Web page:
METHUEN — Hot pink, fuchsia, champagne and coral were the colors that filled the seats — and the screen — for the noon showing of “Barbie” at AMC Theater at The Loop on Wednesday.
Fathers sat next to their daughters adorned with Barbie-scripted bomber jackets. Boyfriends wore splashes of pink to complement their girlfriends’ pink hair bows and dresses.
The shades of pink matched the diversity of the crowd, all of whom flocked to see Barbie brought to life on the big screen.
It was all things pink, even if the film wasn’t as rose-colored as its audience at times. Their heroine undergoes an existential crisis on her journey to self-discovery as her perfect life changes before her eyes.
Despite its mature themes, “Barbie” was a nostalgic event for many Merrimack Valley moviegoers.
Maria Figuereo was thrilled her son, Joshua Figuereo, invited her to see the movie. She’s always loved the idea of Barbie and gets to share her love of the doll with a few granddaughters — having raised three boys.
“Barbies have been forever,” Maria Figuereo said.
The Methuen residents coordinated their attire with the Barbie-pink theme. For them, they wanted to see if the movie lived up to the hype surrounding it.
“Barbie” was inspirational and fun to millennials and baby boomers, who described the film as a nostalgic trip with positive messages of self-awareness and embracing flaws.
For Alfina Amato and Marci Pride, the movie was a blast from the past taking them directly into Barbieland, filled with countless dreamhouses, fabulous outfits and of course, Barbie’s convertible.
The two in their 30s enjoyed the look-back, but also its message of female empowerment and self worth.
“It had a message for the older generation, but a positive message for all females — young and old,” Pride said.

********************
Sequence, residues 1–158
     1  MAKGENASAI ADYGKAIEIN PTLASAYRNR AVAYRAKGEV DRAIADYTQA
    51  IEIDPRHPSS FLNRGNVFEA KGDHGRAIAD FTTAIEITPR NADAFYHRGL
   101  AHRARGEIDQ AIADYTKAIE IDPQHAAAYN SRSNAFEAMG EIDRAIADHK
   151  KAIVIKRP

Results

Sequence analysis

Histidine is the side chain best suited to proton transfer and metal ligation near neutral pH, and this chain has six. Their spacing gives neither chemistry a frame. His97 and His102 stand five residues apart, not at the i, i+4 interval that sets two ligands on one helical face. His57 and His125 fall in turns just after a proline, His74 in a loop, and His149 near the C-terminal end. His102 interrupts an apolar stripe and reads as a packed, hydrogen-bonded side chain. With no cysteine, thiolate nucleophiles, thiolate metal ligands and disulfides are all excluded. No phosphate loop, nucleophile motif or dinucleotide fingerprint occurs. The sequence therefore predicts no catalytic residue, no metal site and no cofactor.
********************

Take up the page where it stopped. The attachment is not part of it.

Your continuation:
“It’s for our generation though,” Amato said.
Pre-teens leaving the movie said it made them feel sad and upset about the “real world” and how it isn’t perfect.
Two 12-year-old friends thought it was supposed to be an inspiring film, but felt discouraged seeing inequality for women in Director Greta Gerwig’s “real world.”
Adult humor may have gone over some of the young kids’ heads, but Barbie’s inclusive world drew them to the theater.
The film showed a Barbieland where the Barbies held varied jobs like doctors, writers, athletes — even president.
It reflects Barbie’s evolved branding over the years where young children can find a Barbie who has the same interests as them.
Barbie is no longer just blonde. Barbie represents all ethnicities with different hair colors and body shapes.
“She has a ton of jobs and I think that’s cool,” 12-year-old Maeve Foley said.
Although she has too many Barbies to count, she said some of her favorites include ones who do her favorite activities.
Foley plays soccer and so does Soccer Barbie. Foley likes science and so does Science Barbie.
Foley, 12, went with her grandmother Mary Ellen Ottaviani to the movie.
Ottaviani, of Haverhill, joked she’s contributed to many Barbie purchases over the years. When she asked her granddaughter on the car ride if she still plays with her dolls, Foley told her, “No.”
However, Foley said the movie gave her the urge to play with Barbie again.